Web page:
Following the principles of Platonism, "he justly concluded that the man who presumes to reign should aspire to the perfection of the divine nature - that he should purify his sould from her mortal and terrestrial part - that he should extinguish his appetites, enlighten his understanding, regulate his passions, and subdue the wild beast which, according to the lively metaphor of Aristole, seldom fails to ascend the throne of a despot." With all these virtues, unfortunately for his credit as a philosopher and humanitarian, the imperial state Stoic allowed his natural goodness of heart to be corrupted by superstition and fanaticism. Conceiving himself to be the special and chosen instrument of the Deity for the restoration of the fallen religion, which he regarded as the true faith, he made it the foremost object of his pious but misdirected ambition to re-establish its sumptuous temples, preisthoods, and sacrificial altars with all their imposing ritual, and "he was heard to declare, with the enthusiasm of a missionary, that if he could render each individual richer than Midas and every city greater than Babylon, he should not esteem himself the benefactor of mankind, unless at the same time he could reclaim his subjects from their impious revolt against the immortal gods." (2) Inspired by this religious zeal, he forgot the maxims of his master, Plato, so far as to rival, if not sirpass, the ancient Jewish or Pagan ritual in the number of sacrificial victims offered up in the name of religion and of the Deity, Happily for the future of the world, the fanatical piety of this youthful champion of the religion of Homer proved ineffectual to turn back the slow onward march of the Western mind, through fearful mazes of evil and error indeed, towards the "diviner day" which is yet to dawn for the Earth.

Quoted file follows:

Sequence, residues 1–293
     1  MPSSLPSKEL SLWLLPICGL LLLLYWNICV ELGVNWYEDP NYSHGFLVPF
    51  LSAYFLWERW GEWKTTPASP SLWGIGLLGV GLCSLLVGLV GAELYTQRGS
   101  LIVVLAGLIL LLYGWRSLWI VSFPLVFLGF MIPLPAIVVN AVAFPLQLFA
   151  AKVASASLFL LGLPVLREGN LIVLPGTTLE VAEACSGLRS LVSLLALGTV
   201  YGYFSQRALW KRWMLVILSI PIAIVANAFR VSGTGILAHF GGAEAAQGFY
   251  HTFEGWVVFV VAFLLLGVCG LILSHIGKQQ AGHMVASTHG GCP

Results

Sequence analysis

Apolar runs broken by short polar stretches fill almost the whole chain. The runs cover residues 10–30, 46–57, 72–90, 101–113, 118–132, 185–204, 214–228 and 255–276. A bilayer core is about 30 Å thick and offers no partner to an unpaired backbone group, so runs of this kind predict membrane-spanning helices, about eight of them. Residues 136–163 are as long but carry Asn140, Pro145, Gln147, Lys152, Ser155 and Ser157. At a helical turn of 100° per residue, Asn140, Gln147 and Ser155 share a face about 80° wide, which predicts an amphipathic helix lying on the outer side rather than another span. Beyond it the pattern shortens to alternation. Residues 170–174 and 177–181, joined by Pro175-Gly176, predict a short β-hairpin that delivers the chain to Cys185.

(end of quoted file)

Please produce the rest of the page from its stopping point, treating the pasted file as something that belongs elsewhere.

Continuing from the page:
The works of the Emperor Julian . . . translated from the Greek (link to archive.org) pub. 1798. p.178: Julian . . . lived on vegetables (several references to his Pythagorean diet.)
- In his witty satire, the Misopogon or Beard-Hater - "a sort of inoffensive retaliation, which it would be in the power of few princes to employ" - directed against the luxurious people of Antioch, who had ridiculed his frigal meals and simple mode of living, "he himself mentions his vegetable diet, and upbraids the gross and sensual appetite "of that orthodox but corrupt Christian city. When they complained of the high prices of flesh-meats, "Julian publicly declared that a frufgal city ought to be satisfied with a regular supply of wine, oil, and bread," - Decline and Fall of the Roman Empire, xxiv
- Gibbon, Decline and Fall of the Roman Empire, xxii. The philosophical fable of Julian - The Caesars - has been pronounced by the same historian as "one of the most agreeable and instructive productions of ancient wit." Its purpose is to estimate themerits or demerits of the various Emperors from Augustis to Constantine. As for the Enemy of the Beard, it may be ranked, for sarcastic wit, almost with the Jupiter in Tragedy of Lucian.
Howard Williams, The Ethics of Diet - index